Reliable non-destructive methods for verifying spent nuclear fuel are essential to draw credible nuclear safeguards conclusions from spent fuel. In Finland, spent fuel items are verified prior to the soon starting disposal in a geological repository with Passive Gamma Emission Tomography (PGET), a uniquely accurate method capable of rod-level detection of missing active material. The PGET device consists of two highly collimated detector banks, collecting gamma emission data from a 360° rotation around a fuel assembly. 2D cross-sectional activity and attenuation images are simultaneously computed. We present methods for improving reconstructed image quality in the central parts of the fuel. The results are based on data collected from 2017 to 2021 at the Finnish nuclear power plants with 10 fuel assembly types of varying characteristics, for example burnups from 5.7 to 55 GWd/tU and cooling times from 1.9 to 37 years. Data is acquired in different gamma energy windows, capturing the peaks of Cs-137 (at 662 keV) and Eu-154 (at 1274 keV), abundant isotopes in long-cooled spent nuclear fuel. Data from these gamma energy windows at well-chosen angles are used for higher-quality images, resulting in more accurate detection of empty rod positions. The method is shown to detect partial diversion of nuclear material also in the axial direction, demonstrated with a novel measurement series scanning over the edge of partial-length rods.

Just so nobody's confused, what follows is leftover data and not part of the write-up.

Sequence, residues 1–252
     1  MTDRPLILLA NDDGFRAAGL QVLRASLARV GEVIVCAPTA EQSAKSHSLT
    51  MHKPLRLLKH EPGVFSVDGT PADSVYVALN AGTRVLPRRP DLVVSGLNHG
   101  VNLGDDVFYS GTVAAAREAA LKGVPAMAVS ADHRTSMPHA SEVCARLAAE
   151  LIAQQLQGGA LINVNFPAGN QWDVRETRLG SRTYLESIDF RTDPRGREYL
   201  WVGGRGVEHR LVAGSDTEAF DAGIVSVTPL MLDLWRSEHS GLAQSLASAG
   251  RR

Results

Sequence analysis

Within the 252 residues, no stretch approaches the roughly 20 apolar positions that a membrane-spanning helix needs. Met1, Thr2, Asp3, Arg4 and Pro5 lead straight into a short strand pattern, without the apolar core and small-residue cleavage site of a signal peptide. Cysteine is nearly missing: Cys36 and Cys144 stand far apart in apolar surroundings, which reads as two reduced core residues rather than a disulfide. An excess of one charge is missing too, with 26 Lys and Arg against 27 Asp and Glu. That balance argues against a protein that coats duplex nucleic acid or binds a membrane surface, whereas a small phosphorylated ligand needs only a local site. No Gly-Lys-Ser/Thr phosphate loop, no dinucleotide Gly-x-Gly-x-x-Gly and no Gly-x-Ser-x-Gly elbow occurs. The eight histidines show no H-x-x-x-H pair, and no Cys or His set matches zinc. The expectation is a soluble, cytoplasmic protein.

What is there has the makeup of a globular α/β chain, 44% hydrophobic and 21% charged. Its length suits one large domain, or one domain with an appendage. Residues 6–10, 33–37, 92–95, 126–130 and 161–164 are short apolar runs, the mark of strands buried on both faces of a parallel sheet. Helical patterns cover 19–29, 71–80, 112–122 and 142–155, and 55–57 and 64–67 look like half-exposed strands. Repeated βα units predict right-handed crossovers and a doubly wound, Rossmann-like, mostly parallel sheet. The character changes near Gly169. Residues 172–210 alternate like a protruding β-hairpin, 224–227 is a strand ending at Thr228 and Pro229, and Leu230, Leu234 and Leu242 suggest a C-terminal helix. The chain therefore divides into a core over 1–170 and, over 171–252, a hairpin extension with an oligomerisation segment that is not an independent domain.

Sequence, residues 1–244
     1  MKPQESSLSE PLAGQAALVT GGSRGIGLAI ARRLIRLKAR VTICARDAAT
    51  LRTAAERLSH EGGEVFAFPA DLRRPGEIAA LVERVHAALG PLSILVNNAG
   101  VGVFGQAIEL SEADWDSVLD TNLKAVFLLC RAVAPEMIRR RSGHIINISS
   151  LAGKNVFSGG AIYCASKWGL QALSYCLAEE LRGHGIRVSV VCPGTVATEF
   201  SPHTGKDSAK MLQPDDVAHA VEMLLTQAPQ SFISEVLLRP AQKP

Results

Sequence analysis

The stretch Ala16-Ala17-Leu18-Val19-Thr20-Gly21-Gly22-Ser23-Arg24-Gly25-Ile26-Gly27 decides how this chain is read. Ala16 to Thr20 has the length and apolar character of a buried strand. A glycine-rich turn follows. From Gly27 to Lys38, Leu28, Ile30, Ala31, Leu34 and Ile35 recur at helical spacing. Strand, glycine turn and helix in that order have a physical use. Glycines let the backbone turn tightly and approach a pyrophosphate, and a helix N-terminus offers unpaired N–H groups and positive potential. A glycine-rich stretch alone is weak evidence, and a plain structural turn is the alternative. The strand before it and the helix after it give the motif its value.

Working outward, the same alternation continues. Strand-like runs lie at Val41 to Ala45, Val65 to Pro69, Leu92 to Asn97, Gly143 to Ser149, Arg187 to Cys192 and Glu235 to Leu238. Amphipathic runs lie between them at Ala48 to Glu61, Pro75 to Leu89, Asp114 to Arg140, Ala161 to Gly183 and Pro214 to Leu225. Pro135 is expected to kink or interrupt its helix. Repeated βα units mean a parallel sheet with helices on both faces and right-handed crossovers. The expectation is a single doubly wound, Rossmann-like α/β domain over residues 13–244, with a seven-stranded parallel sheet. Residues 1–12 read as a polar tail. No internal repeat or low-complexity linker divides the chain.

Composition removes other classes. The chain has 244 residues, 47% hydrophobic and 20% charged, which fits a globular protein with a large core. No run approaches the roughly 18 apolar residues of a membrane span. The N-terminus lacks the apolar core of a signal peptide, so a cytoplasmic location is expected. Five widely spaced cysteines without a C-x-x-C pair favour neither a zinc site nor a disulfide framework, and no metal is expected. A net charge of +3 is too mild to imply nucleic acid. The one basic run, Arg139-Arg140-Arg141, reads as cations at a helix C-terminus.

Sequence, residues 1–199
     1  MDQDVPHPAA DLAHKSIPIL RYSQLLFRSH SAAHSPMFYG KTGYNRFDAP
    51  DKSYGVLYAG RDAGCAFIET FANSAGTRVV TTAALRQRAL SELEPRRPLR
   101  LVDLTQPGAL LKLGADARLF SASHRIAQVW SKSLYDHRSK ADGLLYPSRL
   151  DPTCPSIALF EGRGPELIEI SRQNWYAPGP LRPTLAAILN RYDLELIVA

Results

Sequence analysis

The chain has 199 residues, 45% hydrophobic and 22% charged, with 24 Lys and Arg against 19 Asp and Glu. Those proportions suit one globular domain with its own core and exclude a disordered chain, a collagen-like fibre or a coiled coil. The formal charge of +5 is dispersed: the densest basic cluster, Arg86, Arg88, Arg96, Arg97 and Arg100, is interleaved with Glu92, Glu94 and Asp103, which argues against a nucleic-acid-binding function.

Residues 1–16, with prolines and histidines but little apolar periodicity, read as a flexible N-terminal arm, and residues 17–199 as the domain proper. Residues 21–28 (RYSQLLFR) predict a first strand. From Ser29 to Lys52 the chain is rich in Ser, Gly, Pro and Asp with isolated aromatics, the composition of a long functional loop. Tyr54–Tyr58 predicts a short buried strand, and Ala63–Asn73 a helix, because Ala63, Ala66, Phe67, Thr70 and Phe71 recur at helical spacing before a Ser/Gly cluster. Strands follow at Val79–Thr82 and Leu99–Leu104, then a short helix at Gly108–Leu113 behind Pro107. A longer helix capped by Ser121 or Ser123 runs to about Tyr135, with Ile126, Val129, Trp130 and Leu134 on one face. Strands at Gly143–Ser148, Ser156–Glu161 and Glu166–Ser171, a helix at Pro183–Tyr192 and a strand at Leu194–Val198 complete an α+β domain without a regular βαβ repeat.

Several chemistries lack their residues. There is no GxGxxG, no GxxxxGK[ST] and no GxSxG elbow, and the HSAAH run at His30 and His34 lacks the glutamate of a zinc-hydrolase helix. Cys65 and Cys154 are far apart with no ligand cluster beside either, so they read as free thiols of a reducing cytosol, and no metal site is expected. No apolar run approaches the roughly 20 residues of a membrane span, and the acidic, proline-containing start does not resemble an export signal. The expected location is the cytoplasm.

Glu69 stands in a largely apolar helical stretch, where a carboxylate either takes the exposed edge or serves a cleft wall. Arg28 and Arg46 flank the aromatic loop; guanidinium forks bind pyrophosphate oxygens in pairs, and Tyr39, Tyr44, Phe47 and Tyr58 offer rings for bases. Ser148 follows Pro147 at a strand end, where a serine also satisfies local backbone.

|Early online date||21 Jul 2022|
|Publication status||Published - 31 Dec 2022|
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